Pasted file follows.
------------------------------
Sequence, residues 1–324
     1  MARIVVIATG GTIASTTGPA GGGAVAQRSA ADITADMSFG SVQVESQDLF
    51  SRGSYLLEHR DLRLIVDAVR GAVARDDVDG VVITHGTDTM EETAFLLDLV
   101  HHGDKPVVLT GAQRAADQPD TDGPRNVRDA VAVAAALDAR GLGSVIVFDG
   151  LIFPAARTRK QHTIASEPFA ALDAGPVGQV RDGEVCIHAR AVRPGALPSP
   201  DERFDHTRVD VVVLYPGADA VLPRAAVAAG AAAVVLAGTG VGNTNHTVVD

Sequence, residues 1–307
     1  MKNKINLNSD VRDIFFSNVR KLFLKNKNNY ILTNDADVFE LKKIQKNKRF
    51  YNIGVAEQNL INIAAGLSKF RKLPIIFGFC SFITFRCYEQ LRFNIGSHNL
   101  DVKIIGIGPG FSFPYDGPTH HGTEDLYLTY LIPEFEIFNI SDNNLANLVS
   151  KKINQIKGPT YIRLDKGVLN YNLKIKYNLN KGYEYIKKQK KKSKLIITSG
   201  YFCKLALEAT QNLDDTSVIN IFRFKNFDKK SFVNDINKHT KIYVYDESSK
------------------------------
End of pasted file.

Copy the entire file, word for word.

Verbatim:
Sequence, residues 1–324
     1  MARIVVIATG GTIASTTGPA GGGAVAQRSA ADITADMSFG SVQVESQDLF
    51  SRGSYLLEHR DLRLIVDAVR GAVARDDVDG VVITHGTDTM EETAFLLDLV
   101  HHGDKPVVLT GAQRAADQPD TDGPRNVRDA VAVAAALDAR GLGSVIVFDG
   151  LIFPAARTRK QHTIASEPFA ALDAGPVGQV RDGEVCIHAR AVRPGALPSP
   201  DERFDHTRVD VVVLYPGADA VLPRAAVAAG AAAVVLAGTG VGNTNHTVVD

Sequence, residues 1–307
     1  MKNKINLNSD VRDIFFSNVR KLFLKNKNNY ILTNDADVFE LKKIQKNKRF
    51  YNIGVAEQNL INIAAGLSKF RKLPIIFGFC SFITFRCYEQ LRFNIGSHNL
   101  DVKIIGIGPG FSFPYDGPTH HGTEDLYLTY LIPEFEIFNI SDNNLANLVS
   151  KKINQIKGPT YIRLDKGVLN YNLKIKYNLN KGYEYIKKQK KKSKLIITSG
   201  YFCKLALEAT QNLDDTSVIN IFRFKNFDKK SFVNDINKHT KIYVYDESSK